The Defence Research and Development Organisation (DRDO) successfully flight tested an indigenously-developed low weight, fire and forget, Man Portable Antitank Guided Missile (MPATGM) from Andhra Pradesh's Kurnool, in a major boost to India's indigenous missile development programme on 11 September.
This was the third successful test-firing of the 100 percent indigenous ATGM which is being developed for the infantry battalions of the Indian Army who would use them for taking out the enemy tank and other armoured vehicles during war times. Buoyed by the success of the missile test-firing, DRDO chairman G Satheesh Reddy told ANI that it was a major success for the missile project and India has become self-reliant in the field of anti-tank guided missiles.
"Defence Research and Development Organisation (DRDO) today successfully flight tested indigenously developed low weight, fire and forget MPATGM. The missile was launched from a man-portable tripod launcher and the target was mimicking a functional tank," said defence ministry spokesperson Bharat Bhushan Babu.
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"The missile hit the target in top attack mode and destroyed it with precision. All the mission objectives were met," he added.
What is MPATGM?
This is third-generation anti-tank guided missile (ATGM), that has been developed indigenously by DRDO in partnership with VEM technologies Ltd.
It comes with a high-explosive anti-tank (HEAT) warhead. The missile is incorporated with state-of-the-art Infrared Imaging Seeker along with advanced avionics.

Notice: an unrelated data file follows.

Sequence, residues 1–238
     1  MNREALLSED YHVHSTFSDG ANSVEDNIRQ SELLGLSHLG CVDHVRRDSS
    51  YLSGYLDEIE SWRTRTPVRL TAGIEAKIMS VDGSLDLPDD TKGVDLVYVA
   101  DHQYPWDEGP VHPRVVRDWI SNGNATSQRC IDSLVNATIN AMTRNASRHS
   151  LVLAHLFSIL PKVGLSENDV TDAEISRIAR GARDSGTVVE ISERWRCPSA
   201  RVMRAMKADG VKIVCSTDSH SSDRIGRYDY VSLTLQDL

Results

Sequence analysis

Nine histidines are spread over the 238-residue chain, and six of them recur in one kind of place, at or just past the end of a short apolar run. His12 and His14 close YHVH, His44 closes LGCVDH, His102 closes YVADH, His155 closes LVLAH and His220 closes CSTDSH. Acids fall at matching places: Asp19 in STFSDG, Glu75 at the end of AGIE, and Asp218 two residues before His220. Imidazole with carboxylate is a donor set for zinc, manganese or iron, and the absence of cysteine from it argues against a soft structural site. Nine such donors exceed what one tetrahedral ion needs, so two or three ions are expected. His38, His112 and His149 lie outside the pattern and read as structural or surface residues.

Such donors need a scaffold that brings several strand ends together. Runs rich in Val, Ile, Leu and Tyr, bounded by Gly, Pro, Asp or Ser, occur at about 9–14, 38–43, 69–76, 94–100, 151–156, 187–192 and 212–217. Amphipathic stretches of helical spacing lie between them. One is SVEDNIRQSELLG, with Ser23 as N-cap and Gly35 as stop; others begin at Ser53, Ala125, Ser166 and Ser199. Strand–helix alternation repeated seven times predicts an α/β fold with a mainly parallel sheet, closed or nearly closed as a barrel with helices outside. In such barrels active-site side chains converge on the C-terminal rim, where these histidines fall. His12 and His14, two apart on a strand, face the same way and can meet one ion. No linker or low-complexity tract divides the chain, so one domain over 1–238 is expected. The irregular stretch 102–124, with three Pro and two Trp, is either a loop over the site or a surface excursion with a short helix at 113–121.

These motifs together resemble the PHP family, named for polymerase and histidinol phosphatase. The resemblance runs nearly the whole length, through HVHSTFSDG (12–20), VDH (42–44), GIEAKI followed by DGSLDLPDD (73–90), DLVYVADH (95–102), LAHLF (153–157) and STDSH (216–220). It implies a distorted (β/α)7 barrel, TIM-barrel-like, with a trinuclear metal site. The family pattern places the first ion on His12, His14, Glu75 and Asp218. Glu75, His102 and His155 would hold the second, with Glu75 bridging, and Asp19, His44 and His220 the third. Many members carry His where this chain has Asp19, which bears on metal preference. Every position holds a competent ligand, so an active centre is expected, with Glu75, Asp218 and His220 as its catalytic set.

According to The Financial Express, the strike range of this missile is of 2.5 kilometres and weighs around 14.5 kilograms, a feature that is critical to maintain portability. It has the capability to be fired from shoulder and can be used during the day and night.
The missile is expected to be deployed to the infantry and parachute battalions of Indian Army.
India had started working on MPATGM back in 2005. The first trial of the MPATGM was conducted on 15 September 2018, and second on 16 September 2018.
In 2019, the DRDO test-fired this missile for the first time on 13 March and the second test was conducted on 14 March in the Rajasthan desert, say reports.
The test paves the way for the Army to have developed third-generation man-portable ATGM indigenously, the defence ministry spokesperson said.
What missile is the army currently using?
Currently, the Indian Army uses the imported Milan 2T and Konkurs Russian anti-tank missile in the infantry but they are vintage missiles and the force is looking for a third-generation ATGM.
The Army recently had proposed to buy 3,000 Milan 2T ATGMs as a stopgap arrangement.
The Indian Army requires around 70,000 ATGMs of various types and around 850 launchers of different types. It is planning to procure third-generation ATGMs with a longer range than that of its existing Milan-2T and Konkurs ATGMs.
Army chief General Bipin Rawat has also provided full backing and support to the indigenisation efforts of the force.
Last year, the government had decided to scrap a programme to buy the Spike ATGM from Israel keeping in mind the development made by DRDO in this regard.
With inputs from ANI